Three Ways You Can Better Prepare for the Future of Work

Tom Brammer our consultant managing the role
Posting date: 7/23/2020 9:37 AM
From reusable planners to navigating Zoom meetings, the world of work has changed irrevocably. Though some businesses are hoping to return to the formal in-house model, many are opting to remain remote workplaces. 

Data and web professionals have often worn a mix of hats between the two versions of work even taking breaks or making changes through contract work. The options open now, if structured well, could mean more productivity, safe environments for employees working from home rather than in house, and what may look like true work-life balance. 

But what does this mean for the world of the Data professional? Isn’t their career path already pandemic proof? Though it depends on the need of the business, this path isn’t as limited as others might be. But as everything from the world of retail to legacy institutions like banking move online more permanently, opportunities are expanded. 

TRANSFERABLE SKILLS ARE KING

As more and more professionals seek new ground, transferable skills are more in demand than ever. Specifically, those soft skills of communication, working toward solutions with limited resources, and crafting creative solutions when working through seemingly impossible problems. How professionals handle these issues, pivot on a dime toward solutions in a swiftly changing environment, and the experience they bring with them from other backgrounds all play a role.

A maturity level of professional experience far outweighs age or education. Businesses are looking for those who have not only studied toward their career, but who have experience to navigate any changes when the chips are down, and help the business stay on top of its game.

BE ABLE TO NAVIGATE CHANGE

Employees can be trained, upskilled, or reskilled when it comes to the technical aspects of their job. But what businesses need now are those professionals who can handle pressure well, understand the inner workings of organisations from a business perspective, and are customer-focused.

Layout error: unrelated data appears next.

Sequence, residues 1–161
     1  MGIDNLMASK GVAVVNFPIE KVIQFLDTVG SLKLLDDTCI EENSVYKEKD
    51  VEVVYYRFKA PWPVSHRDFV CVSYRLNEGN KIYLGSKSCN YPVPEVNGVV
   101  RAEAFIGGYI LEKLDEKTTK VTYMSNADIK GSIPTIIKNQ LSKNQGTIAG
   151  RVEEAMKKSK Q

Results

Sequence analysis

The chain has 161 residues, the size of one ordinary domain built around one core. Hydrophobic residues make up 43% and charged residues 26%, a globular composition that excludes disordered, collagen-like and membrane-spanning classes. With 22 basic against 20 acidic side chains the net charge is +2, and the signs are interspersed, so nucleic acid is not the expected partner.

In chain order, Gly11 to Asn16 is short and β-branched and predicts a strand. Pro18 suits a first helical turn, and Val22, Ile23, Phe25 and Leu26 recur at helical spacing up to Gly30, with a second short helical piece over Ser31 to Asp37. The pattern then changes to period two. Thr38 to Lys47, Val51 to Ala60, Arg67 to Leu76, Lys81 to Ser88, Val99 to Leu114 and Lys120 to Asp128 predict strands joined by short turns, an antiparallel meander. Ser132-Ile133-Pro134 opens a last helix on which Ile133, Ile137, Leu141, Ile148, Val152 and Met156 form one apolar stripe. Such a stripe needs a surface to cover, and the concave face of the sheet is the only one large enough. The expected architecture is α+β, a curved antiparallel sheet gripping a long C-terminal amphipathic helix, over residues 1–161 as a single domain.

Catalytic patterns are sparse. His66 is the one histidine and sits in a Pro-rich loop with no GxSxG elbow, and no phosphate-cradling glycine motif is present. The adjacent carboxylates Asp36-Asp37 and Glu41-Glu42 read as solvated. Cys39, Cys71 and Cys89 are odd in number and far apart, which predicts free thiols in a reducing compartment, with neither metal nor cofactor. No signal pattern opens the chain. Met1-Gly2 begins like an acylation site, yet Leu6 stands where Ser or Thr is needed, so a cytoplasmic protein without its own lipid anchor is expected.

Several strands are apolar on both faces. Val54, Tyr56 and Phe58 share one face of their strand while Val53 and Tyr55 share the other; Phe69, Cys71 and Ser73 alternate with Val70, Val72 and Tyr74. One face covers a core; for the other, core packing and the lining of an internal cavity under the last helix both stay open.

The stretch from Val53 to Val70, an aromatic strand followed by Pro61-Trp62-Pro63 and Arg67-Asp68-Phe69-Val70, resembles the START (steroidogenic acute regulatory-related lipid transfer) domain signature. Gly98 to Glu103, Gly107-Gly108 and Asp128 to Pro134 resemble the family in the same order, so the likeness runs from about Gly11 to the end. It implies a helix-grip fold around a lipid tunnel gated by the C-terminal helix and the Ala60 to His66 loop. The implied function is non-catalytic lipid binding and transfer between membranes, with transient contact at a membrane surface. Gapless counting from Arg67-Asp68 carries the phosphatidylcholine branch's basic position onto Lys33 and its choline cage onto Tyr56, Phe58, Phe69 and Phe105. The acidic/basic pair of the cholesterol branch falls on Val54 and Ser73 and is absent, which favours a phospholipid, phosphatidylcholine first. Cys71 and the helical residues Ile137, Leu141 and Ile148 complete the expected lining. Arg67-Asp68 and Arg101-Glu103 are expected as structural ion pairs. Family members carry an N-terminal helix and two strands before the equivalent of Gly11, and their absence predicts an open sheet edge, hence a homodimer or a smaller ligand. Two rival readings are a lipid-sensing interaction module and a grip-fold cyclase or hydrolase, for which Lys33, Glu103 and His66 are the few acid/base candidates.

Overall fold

JOB HOPPING IS NO LONG TABOO 

In recent years, if a resume showed more than a few jobs, it was deemed taboo. The professional was job hopping? Why? Was it the employee? The manager? Why couldn’t the employee stay in one place? Today, job hopping is no longer taboo. It’s expected. To keep things fresh from both the business and the employee perspective, changing jobs is part of the next normal.

Sabbaticals, once the darling of academia, are finding their way into other professions as well. Renamed contract work, this short-term experience, can lead to permanent roles, or just a quick change for employees to recharge from their former roles. 

This is the time to reassess, recharge, reskill, and upskill your way to success as a Data professional. The high demand and the skillset shortage is shrinking, but the demand remains and will continue to grow. So how will you structure your career path for the next normal?

In the wake of work-from-home policies, remote working, and the shifting landscape of working outside the office, technology, and particularly biotechnology careers are prime opportunities to both gain increased knowledge in your chosen field or begin your career path. 

If you’re interested in Big Data & Analytics or other Data professional opportunities, take a look at our latest jobs or get in touch with one of our expert consultants to find out more.  


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With over 10 years experience working solely in the Data & Analytics sector our consultants are able to offer detailed insights into the industry.

Visit our Blogs & News portal or check out the related posts below.

Data Science For Business Decision Making